Variation in definition of prolonged mechanical ventilation

Louise Rose, Michael McGinlay, Reshma Amin, Karen E. A. Burns, Bronwen Connolly, Nick Hart, Philippe Jouvet, Sherri Katz, David Leasa, Cathy Mawdsley, Danny F. McAuley, Marcus J. Shultz, Bronagh Blackwood

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Consistency of definitional criteria for terminology applied to describe patient cohorts receiving mechanical ventilation within intensive care unit and post-acute care settings is important for understanding prevalence, risk stratification, effectiveness of interventions, and projections for resource allocation. Our objective was to quantify application and definition of terms for prolonged mechanical ventilation.We conducted a scoping review of studies (all designs except single case study) reporting a study population (adult and paediatric) using the term prolonged mechanical ventilation or synonym. We screened 5331 references, reviewed 539 full text references and excluded 120. Of the 419 studies (representing 38 countries) meeting inclusion criteria, 297 (71%) reported data on a heterogeneous patient cohort, 66 (16%) studies included surgical patients only (46/66, 70% cardiac surgery). Other studies described chronic obstructive pulmonary disease (16, 4%), trauma (22, 5%), neuromuscular (17, 4%), and sepsis (1, 0.2%) cohorts. A total of 741 terms were used to refer to the 419 study cohorts. Most common terms were: prolonged mechanical ventilation (253, 60%), admission to specialized unit (107, 26%), and long-term mechanical ventilation (79, 19%). Some authors (282, 67%) defined their cohorts based on duration of mechanical ventilation with 154 (55%) using this as the sole criterion. We identified 37 different durations of ventilation ranging from 5 hours to 1 year with more than 21 days being the most common (28/282, 7%). For studies describing a surgical cohort, minimum ventilation duration required for inclusion was greater ≥24 hours for 20/66 (30%) studies. More than half (237, 57%) did not provide a reason/rationale for definitional criteria used, with only 28 (7%) studies referring to a consensus definition.We conclude that substantial variation exists in the terminology and definitional criteria for cohorts of patients receiving prolonged mechanical ventilation. Standardization of terminology and definitional criteria is required for study data to be maximally informative.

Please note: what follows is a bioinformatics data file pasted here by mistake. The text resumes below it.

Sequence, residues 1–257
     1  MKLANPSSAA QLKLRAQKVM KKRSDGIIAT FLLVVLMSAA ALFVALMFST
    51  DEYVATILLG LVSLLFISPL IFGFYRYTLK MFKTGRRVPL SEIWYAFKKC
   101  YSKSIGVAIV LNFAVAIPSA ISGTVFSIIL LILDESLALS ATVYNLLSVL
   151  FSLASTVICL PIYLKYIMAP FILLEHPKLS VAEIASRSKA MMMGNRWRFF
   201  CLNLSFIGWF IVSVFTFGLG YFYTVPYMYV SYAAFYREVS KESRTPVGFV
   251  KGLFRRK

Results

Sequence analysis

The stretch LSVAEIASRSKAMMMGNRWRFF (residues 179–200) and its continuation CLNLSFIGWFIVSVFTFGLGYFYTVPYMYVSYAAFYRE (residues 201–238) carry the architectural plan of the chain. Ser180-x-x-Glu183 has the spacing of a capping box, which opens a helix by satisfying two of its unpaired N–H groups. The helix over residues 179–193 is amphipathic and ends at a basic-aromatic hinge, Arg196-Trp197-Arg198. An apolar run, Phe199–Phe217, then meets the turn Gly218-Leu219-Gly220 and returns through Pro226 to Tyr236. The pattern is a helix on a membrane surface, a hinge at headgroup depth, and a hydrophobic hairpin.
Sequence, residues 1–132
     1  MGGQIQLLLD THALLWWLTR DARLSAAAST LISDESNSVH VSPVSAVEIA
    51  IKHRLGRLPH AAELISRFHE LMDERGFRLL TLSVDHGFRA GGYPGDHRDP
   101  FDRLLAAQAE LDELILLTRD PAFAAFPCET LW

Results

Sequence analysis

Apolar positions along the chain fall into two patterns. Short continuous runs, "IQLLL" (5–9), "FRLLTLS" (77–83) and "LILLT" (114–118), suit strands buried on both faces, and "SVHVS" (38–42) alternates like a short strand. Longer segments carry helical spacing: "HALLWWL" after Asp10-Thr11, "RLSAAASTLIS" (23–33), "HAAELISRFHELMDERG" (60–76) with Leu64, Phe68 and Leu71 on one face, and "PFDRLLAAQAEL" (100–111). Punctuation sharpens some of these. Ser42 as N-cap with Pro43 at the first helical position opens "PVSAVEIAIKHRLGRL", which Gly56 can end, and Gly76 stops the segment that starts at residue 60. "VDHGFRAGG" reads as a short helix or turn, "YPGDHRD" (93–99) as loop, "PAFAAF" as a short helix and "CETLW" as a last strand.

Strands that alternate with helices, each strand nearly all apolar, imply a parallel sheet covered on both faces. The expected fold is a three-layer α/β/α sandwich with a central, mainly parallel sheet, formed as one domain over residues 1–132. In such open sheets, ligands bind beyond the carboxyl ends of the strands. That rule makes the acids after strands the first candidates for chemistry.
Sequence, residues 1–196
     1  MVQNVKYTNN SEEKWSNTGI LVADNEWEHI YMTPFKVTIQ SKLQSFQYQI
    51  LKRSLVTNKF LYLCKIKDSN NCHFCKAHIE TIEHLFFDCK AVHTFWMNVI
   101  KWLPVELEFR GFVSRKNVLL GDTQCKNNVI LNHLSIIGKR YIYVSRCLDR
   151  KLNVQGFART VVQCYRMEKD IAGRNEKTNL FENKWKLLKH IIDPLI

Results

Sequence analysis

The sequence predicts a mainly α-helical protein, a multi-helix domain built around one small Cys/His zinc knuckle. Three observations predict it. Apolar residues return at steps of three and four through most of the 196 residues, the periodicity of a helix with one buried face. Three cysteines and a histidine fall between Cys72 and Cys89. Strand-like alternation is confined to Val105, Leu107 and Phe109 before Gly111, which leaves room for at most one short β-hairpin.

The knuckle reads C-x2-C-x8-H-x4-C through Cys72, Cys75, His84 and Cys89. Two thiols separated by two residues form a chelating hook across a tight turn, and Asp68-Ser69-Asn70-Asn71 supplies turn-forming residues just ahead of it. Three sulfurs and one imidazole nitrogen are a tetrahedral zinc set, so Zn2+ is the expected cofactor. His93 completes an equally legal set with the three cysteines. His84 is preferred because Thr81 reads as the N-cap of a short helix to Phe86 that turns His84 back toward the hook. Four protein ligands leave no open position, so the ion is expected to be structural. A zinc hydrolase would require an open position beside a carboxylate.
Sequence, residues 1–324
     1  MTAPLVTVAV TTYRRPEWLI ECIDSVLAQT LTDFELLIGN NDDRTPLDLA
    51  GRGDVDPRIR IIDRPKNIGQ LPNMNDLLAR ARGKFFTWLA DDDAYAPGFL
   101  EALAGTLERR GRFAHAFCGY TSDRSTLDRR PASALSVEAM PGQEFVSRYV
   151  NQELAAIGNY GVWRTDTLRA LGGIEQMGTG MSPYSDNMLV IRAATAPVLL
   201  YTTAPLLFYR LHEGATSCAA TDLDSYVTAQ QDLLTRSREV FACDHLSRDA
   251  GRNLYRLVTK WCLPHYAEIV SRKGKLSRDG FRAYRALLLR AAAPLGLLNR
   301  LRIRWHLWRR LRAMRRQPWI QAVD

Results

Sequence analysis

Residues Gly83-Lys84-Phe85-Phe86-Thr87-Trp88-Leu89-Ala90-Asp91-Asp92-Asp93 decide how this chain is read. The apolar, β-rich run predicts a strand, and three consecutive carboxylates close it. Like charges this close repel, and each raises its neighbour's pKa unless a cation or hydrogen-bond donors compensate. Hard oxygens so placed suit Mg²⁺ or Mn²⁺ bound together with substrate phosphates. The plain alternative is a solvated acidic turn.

Original languageEnglish
JournalRespiratory Care
Issue number8
Publication statusPublished - 01 Oct 2017


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